Since moving to California I’ve become more aware of my breath. I took up yoga, for example, where coordinating movement with breath is a core concept.
When I learned to scuba dive, breath was a matter of life or death. I did not want to run out of air down there, and I quickly learned that my anxiety about dying underwater in all the many ways that could occur was lessened if I instead focused on my breath.
Meditation is another practice I started after moving here, and again a prime way to calm the mind for meditation is to focus on your breath.
Acting as well. I took a voice class (meant to help with public speaking), and the first lesson and the first portion of each subsequent class we spent working on our breath, as without having good breath we cannot give voice to our thoughts or those of our characters. I can only project to the audience in the back of the room by focusing on deeply breathing. Singing too, of course.
If I am feeling down or anxious or worried, simply spending a few minutes to celebrate my ability to deeply breath helps remind me of how wonderful it is to have the seemingly simple pleasure of automatically taking in air.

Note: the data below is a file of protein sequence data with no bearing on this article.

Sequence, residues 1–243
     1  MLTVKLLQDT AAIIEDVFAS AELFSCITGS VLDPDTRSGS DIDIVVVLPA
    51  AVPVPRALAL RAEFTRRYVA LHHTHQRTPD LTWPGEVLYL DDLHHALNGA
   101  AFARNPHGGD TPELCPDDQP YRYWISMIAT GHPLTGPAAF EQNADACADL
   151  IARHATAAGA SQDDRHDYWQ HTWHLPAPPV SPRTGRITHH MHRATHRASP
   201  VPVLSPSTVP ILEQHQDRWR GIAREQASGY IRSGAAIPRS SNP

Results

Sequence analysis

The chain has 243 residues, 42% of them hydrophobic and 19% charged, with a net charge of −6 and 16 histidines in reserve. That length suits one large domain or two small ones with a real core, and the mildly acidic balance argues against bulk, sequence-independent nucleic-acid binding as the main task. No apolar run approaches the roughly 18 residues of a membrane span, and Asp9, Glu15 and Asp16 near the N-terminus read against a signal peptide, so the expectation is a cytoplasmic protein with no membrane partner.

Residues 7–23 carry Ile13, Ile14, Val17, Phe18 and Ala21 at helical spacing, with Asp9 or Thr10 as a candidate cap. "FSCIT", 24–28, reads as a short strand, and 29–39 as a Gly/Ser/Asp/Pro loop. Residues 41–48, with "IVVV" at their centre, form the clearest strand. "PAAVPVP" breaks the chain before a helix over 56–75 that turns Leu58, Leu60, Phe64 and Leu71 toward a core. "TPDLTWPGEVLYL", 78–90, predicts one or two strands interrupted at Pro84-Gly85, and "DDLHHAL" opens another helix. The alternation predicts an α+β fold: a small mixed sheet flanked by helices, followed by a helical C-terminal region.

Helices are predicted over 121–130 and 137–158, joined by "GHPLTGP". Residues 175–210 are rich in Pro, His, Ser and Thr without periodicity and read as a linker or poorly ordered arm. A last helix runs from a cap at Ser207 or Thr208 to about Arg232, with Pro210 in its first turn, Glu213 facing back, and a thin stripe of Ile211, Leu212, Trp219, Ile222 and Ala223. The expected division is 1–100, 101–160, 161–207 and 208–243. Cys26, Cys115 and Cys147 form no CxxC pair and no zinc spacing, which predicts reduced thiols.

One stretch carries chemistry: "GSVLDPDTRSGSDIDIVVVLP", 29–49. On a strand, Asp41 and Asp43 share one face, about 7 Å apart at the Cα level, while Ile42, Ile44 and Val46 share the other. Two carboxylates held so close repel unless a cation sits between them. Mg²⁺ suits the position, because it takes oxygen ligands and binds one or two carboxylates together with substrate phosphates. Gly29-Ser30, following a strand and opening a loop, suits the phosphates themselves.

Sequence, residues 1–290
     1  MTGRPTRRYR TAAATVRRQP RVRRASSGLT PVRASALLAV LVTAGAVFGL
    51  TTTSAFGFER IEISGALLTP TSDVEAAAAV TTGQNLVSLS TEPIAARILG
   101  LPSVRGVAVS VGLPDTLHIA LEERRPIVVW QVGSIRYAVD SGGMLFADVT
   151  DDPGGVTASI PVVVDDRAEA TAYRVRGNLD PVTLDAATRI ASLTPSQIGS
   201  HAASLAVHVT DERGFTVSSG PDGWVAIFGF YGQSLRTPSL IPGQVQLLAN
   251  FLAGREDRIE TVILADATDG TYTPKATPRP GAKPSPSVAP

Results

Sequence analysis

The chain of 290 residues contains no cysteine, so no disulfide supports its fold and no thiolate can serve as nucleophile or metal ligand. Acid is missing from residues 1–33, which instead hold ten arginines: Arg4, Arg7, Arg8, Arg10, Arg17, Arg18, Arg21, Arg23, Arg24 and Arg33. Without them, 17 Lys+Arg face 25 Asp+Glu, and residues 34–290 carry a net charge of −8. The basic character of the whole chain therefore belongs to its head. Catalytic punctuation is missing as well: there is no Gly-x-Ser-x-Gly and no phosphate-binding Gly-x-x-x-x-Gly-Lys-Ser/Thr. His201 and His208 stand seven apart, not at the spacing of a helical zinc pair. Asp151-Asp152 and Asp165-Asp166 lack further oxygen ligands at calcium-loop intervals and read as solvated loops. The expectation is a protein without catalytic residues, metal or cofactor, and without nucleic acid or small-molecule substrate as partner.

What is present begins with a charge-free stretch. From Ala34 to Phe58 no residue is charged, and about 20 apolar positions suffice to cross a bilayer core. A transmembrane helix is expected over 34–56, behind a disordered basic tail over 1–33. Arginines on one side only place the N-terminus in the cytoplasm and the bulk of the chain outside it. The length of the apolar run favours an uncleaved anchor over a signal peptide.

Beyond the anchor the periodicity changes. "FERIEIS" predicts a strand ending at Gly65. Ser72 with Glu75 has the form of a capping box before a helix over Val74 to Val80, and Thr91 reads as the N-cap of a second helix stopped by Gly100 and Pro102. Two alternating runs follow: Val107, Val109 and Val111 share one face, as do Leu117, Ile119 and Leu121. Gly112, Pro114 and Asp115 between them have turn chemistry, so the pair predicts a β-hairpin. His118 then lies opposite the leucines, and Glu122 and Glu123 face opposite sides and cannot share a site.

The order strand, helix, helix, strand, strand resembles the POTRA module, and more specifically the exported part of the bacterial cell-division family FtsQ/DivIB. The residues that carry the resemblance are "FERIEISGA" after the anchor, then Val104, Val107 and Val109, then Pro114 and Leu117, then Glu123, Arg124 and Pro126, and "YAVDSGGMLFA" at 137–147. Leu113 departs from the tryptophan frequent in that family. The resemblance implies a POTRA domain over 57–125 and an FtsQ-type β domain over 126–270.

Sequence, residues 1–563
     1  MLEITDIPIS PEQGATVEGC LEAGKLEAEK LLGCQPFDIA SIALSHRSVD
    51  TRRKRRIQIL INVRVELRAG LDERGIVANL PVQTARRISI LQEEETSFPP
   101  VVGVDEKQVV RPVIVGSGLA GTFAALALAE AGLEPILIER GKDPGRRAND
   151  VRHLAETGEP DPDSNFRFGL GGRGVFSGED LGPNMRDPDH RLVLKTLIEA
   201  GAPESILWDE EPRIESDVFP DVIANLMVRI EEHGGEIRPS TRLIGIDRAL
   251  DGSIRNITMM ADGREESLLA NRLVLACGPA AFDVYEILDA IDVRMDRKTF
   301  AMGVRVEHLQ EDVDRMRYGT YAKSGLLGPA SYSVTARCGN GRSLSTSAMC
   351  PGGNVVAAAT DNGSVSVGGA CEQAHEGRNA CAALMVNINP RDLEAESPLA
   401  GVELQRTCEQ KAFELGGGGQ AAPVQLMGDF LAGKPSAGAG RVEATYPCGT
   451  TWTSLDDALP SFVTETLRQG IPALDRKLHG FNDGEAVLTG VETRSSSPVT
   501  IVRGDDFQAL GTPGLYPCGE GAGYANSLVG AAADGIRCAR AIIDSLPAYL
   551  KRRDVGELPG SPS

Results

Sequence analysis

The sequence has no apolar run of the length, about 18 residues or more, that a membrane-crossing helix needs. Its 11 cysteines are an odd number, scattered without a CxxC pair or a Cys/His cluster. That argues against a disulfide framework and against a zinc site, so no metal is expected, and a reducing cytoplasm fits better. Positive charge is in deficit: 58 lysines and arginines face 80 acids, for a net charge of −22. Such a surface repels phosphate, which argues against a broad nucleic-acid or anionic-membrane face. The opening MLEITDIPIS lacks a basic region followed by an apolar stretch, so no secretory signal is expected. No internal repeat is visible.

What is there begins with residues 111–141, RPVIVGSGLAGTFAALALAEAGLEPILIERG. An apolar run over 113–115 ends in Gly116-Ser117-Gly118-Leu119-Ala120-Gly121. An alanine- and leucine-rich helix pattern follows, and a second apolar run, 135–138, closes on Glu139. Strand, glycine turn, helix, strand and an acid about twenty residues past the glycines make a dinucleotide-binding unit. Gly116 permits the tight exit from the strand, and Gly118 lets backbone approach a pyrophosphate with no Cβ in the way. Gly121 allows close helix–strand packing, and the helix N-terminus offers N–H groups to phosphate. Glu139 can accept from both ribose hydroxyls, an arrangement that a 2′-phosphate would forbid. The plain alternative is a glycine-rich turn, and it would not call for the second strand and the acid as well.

Last time I was anxious and felt my stomach starting to get nervous, I forced myself to sit still for a few moments and relax and breathe, and it made all the difference.
When I gave birth to my first child, I used focusing on my breath, and on his passage to life, rather than an epidural to make my way through labor (though I went with the epidural for child #2).
I sometimes imagine what it will be like when I take my last breath, or if, ailing, dying, knowing the end is near I will finally value the miracle that is my ability to breath in fresh air, and wish I hadn’t taken it for granted every other minute of my life. Breath is one of those common miracles easily overlooked, but well worth honoring.